It’s been some time since we wrote about Graphic India, a new media startup that believes India should have its own home-grown answer to cartoon empires like Marvel.
The 30-person company been busy developing its IP and bringing its creations to audiences via film and TV since we last covered it in 2015, when it raised $2.5 million from investors, and now it has added to that war chest after pulling in an additional $5 million.
The new investment in Liquid Comics, Graphic India’s parent company, comes from existing backers Start Media and Backflip Studios’ co-founder Julian Farrior with 3One4 Capital and Zodius Capital founder Neeraj Bhargava among the others that took part. Previously, the Chernin Group backed the startup via its Asia-focused CA Media fund.
When we last spoke to Liquid Comics CEO Sharad Devarajan, the company was on the cusp of moving into mainstream media after developing IP and selling comics via Amazon and other channels. It has since expanded further.
Astra Force, its animated series staring Bollywood icon Amitabh Bachchan, premiered on the Disney Channel, while another series — Baahubali: The Lost Legends — was broadcast on Amazon Prime and is set to be shown on Viacom18’s India-focused channel Colors. Away from traditional media it has also seen some successes online. 18 Days: The Mahabharata — a series from prolific DC Comics’ cartoonist Grant Morrison — racked up seven million views across YouTube, Facebook and web video services.
Graphic India also ventured into mobile with two library-based comic book apps, and it snagged a comic book and animation deal for smash-hit Indian film series Baahubali, which has made inroads in the U.S. market and broken Indian box office records.
“It was really India’s Star Wars moment,” Devarajan said of the two Baahubali films. “Our job was to create an experience that went beyond the screen.”
Now the Bangalore-based company is looking to build on that progress with this new funding in the bank.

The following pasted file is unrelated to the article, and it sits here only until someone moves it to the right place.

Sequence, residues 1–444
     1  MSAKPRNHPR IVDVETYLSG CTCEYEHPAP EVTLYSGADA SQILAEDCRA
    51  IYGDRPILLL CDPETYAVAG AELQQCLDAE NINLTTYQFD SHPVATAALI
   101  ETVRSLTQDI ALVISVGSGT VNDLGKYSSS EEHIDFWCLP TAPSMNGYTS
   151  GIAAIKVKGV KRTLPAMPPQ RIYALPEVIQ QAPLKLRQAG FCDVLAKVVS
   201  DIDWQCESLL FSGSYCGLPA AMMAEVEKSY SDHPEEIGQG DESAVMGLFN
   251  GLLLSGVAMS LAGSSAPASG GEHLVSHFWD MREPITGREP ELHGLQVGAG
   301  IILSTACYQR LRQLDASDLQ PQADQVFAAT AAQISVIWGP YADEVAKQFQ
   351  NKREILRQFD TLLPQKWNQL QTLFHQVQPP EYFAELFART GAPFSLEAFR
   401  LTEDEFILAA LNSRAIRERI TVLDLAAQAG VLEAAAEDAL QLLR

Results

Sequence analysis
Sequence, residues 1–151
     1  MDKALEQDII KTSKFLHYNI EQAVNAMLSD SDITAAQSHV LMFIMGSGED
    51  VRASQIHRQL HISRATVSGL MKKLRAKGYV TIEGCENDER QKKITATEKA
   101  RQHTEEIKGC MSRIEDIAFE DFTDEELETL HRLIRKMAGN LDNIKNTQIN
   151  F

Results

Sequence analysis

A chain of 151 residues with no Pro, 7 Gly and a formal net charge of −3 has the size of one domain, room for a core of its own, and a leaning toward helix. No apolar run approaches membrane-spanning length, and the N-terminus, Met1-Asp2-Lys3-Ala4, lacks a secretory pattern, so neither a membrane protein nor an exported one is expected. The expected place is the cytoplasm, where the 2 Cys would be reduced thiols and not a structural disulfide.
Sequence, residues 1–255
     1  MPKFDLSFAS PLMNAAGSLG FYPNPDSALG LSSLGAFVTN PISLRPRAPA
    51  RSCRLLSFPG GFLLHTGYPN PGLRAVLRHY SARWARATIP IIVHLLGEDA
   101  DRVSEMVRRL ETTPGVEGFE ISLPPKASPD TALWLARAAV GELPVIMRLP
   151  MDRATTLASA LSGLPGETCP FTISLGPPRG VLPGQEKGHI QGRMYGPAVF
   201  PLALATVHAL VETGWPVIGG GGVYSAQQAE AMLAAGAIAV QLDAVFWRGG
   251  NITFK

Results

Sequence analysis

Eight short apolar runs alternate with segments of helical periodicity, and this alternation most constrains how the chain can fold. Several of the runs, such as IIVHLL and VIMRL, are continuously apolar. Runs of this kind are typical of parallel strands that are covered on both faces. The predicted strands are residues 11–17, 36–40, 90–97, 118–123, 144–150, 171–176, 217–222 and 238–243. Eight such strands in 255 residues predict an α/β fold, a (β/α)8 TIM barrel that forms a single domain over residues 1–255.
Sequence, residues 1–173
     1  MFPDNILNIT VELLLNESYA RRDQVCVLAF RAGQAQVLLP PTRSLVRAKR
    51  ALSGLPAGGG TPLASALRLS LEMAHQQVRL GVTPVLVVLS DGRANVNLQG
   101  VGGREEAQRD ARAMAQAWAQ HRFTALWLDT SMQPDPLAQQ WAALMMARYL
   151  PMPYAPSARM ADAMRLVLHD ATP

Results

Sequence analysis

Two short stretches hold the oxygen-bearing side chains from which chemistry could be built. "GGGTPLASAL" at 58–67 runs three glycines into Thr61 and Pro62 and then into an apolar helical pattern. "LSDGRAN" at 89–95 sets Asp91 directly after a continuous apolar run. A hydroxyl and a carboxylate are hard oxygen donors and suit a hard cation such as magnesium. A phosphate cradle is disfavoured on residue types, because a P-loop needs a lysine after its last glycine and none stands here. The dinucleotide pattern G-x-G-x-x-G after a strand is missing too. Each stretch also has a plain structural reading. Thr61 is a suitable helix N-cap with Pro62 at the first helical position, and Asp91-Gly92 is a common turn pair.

“We’ve been aggressive with digital comics, digital shorts and producing animated shows,” Devarajan told TechCrunch in an interview. “Now the challenge is whether we can unlock that great creative potential in the pop culture space in India.”
That, he explained, will see the company focus on more film, TV and web streaming deals while pushing its own subscription-based digital comic app, and looking into games, merchandising and even augmented reality and virtual reality opportunities.
AR and VR, he added, are longer term visions that will take some time to reach large scale audiences in the U.S., let alone. Initially, however, the focus is on more affordable devices like Google’s Cardboard project, but Graphic India is actively exploring the possibility for higher-end devices, which are becoming popular as ‘VR arcades’ within shopping malls and other public places.
Graphic India’s business model is pretty different to the usual kind of startups that we write about on TechCrunch. The animation industry is primarily concerned with two areas: developing original IP — characters and series — and putting that IP to work in films, TV series and merchandising.
The former can be done in-house, but the latter requires partnerships with writers, broadcasters, networks and more.
Beyond building a platform for India — and one that Devarajan stresses will help up-and-coming Indian talent get the recognition they deserve — the aim is to make the brand and its work globally visible. That means bringing Indian content, which is typically based on mythology, beyond the Indian diaspora and to international audiences across the world.
“Our mission is to transform India from outsourcer to source,” Devarajan said. “I think we’re making huge strides doing it.”